Due to the diligence of the trustees of both the Active and Retiree Welfare Funds, both funds continue to do well financially, which has allowed trustees to make improvements for all members and retirees.

The Active Welfare Fund will be providing an out-of-pocket reimbursement after each fiscal year. Providers for prescription, dental, and optical will submit a file to the Union’s third party Administrator A.S.O. and the trustees will evaluate the total out-of-pocket amount to be reimbursed per member annually.

The Retiree Welfare Fund will be increasing the prescription drug cap for each Retiree group Non-Medicare Member and Dependent from $3,000 combined to $5,000. The prescription drug cap for Medicare Retirees will increase from $3,500 to $5,000, and for their dependents, from $500 to $1,500. The effective dates for all changes are to be determined once we receive clarification from attorneys for the Funds regarding compliance with the Affordable Care Act law notification guidelines.

Union Works to Settle Open Contracts with the City

As with most unions in New York City, contracts are long expired and officials are working now to negotiate new deals. The same holds true for Local 246 who held its most recent negotiation with City representatives on March 18.

With the DC 37 citywide contract resolved and approved, the Local 246 Contract Negotiating Committee has been in talks on the Union’s nine separate contracts for many months. In addition to the Union’s officers, Committee members include Rich Mazze representing Rubber Tire Repairers; Alex Soltanis representing Sign Painters/Letterers; Mark Bardes representing Sheet Metal Workers; and the general committee representing Carriage Upholsterers and Auto Service Workers.

Since the Union holds a joint bargaining certificate with IUOE Local 15 for Tractor Operators and Motor Grader Operators, a separate meeting was held with members in those titles on March 12 to update them on the status of those contract talks. The consensus of most 220 titles is that the ever-increasing pension costs now reported to be 34% or more will make it very difficult to negotiate a prevailing rate match with the private sector contracts.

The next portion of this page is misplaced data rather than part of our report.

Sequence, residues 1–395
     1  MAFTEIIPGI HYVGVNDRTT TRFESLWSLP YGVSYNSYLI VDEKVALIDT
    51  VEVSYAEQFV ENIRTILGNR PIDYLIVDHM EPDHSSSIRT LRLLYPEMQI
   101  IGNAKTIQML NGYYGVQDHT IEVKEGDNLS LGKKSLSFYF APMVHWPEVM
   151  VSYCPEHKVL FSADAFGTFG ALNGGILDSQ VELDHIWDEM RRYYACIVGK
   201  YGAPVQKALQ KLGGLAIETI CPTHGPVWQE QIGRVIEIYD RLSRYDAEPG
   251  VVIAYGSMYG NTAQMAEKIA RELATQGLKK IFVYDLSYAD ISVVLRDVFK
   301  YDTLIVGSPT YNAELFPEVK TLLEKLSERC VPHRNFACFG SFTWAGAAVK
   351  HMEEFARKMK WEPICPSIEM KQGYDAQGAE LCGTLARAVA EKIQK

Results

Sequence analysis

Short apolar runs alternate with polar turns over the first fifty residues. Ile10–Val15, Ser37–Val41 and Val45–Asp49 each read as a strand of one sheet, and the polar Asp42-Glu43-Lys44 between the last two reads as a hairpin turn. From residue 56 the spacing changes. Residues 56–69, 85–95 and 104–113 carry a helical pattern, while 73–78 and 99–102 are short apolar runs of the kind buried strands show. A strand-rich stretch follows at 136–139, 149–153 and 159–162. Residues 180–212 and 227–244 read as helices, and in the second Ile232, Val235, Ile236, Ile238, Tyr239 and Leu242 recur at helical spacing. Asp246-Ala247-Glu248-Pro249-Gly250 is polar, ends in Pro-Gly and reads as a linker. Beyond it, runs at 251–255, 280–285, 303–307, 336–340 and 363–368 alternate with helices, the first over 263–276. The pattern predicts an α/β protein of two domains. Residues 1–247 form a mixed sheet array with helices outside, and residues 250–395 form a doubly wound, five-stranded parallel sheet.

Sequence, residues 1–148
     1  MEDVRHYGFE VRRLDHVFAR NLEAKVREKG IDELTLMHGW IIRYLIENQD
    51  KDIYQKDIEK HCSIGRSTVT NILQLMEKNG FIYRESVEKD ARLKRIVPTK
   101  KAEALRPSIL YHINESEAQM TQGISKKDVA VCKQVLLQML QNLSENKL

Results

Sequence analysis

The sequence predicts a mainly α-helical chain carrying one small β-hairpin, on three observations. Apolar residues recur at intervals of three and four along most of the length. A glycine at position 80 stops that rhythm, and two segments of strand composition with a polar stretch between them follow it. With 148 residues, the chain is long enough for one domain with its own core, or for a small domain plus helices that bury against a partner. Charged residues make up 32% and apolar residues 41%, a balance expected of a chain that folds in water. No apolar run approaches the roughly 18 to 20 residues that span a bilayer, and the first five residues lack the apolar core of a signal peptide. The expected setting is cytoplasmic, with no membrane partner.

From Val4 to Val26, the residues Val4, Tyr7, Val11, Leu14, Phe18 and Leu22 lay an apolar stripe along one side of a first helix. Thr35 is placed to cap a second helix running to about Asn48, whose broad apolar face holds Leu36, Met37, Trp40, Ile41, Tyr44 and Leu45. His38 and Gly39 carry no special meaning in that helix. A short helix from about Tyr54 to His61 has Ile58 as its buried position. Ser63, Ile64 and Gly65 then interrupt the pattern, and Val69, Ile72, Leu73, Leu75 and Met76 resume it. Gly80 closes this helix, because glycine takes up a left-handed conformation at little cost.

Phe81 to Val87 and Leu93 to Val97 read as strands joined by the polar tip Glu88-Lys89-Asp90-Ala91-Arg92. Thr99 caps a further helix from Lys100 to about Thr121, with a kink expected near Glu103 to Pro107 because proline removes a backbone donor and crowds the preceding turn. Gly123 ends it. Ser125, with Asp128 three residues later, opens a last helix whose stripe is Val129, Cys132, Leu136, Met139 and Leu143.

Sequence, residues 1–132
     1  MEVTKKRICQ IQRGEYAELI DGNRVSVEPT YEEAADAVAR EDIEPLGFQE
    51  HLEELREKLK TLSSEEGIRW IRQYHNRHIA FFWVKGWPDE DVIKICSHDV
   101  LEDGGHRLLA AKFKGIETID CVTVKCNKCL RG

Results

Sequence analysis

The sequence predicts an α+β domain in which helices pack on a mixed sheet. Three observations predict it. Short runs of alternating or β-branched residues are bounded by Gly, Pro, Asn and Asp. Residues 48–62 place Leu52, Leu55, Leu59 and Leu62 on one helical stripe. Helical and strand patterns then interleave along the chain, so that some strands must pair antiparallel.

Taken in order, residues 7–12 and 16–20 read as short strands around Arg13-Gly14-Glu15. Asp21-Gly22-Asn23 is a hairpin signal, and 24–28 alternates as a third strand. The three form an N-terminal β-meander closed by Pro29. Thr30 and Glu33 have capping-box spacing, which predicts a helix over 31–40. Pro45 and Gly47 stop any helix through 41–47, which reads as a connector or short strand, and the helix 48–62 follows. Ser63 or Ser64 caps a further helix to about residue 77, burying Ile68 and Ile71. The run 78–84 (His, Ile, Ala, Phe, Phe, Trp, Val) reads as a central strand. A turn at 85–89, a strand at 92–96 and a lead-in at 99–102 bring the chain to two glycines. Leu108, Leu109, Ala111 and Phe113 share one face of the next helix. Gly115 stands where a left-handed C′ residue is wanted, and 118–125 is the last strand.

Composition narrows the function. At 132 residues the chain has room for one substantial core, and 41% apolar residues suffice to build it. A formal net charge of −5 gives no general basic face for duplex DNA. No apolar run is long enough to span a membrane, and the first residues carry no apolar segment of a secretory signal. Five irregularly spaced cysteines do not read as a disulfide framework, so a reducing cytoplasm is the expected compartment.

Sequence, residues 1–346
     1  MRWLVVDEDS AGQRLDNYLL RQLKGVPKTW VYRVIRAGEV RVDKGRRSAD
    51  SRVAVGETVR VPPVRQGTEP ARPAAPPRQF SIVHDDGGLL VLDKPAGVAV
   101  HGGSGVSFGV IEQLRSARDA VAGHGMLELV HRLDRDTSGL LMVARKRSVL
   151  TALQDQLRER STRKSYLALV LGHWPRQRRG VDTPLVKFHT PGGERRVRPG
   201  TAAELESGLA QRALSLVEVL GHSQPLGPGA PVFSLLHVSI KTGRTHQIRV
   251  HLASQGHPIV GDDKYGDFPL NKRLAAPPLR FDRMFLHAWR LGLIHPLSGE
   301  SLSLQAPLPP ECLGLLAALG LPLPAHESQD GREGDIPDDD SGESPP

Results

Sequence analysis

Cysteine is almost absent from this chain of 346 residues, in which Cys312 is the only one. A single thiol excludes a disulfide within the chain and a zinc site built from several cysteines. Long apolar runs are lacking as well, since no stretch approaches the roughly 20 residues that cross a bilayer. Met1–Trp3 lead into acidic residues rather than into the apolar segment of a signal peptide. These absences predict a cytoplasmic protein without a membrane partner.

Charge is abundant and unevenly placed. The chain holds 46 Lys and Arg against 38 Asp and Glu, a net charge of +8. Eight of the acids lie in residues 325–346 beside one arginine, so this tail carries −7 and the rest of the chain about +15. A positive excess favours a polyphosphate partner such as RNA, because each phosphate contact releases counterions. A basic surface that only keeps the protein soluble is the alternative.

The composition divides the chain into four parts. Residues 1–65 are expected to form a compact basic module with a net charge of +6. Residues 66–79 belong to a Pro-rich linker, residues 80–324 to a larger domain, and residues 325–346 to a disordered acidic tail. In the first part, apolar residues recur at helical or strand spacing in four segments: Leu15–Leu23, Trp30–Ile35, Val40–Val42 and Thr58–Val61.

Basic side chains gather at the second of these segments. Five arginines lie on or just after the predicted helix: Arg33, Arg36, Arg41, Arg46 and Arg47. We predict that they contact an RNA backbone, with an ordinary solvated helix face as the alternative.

President Joe Colangelo talked in depth about the contract negotiations at the March membership meeting. “We are almost finished with several contracts, and we have made significant progress on others. We don’t want to give out any specific details yet as amounts may fluctuate and change as we try to finalize everything,” he told members.

Since the previous negotiation meeting was December 11, 2018, and it took almost three months to get the meeting in March, Colangelo said the Negotiating Committee sent a list of unanswered questions to OLR representatives so they could already have answers by the time both parties met. “They did get back to us on most questions, but there are still some hanging out there that we don’t have answers to,” he said. “I am hoping to have everything wrapped up within a month or two, but when you are dealing with negotiations, you never know. It may take longer depending on what answers come back from some of the agencies.”

Current contracts expired as follows: Rubber Tire Repairer, July 16, 2017; Sign Painter/Letterer, July 25, 2017; Auto Service Worker et al (Oil Burner Specialist, Auto Body Worker, and Marine Maintenance Mechanics), December 7, 2017; Auto Mechanics and Machinists, October 1, 2017; Carriage Upholsterers, July 16, 2017; and Sheet Metal Workers, February 17, 2018. Members in all titles have been working under the terms of those contracts, and any new monies negotiated as part of the new contracts will begin the day after the previous contracts expired.

“For all contracts, the raises start the first day of the new contract, meaning everyone will have back money owed to them,” Colangelo said. “In addition, all raises are compounded, which means that when you get the second 2.25 percent raise, it is calculated on top of the first 2 percent raise. The final salary increase will be on top of the 4.25 percent. That raises the value of the overall contract. We are hoping that this will all be wrapped up fairly shortly and when all contracts are done, we will be able to provide the specifics.”

Adding Less Skilled Workers Will Diminish Maintenance

The leader of the union that represents Auto Mechanics and Auto Service Workers who service the municipal motor fleet is concerned that the Department of Citywide Administrative Services is planning to create a ratio between the two titles as a cost-containment measure that he believes will reduce the quality of the repair work and slow it down.

“I am hearing rumblings about a new initiative out of DCAS’s Office of Fleet Services to create a set ratio of Auto Mechanics to what’s called an Auto Service Worker, which is like a Mechanic Helper title,” Joseph Colangelo, president of Service Employees International Union Local 246, said in an interview in his office. Read More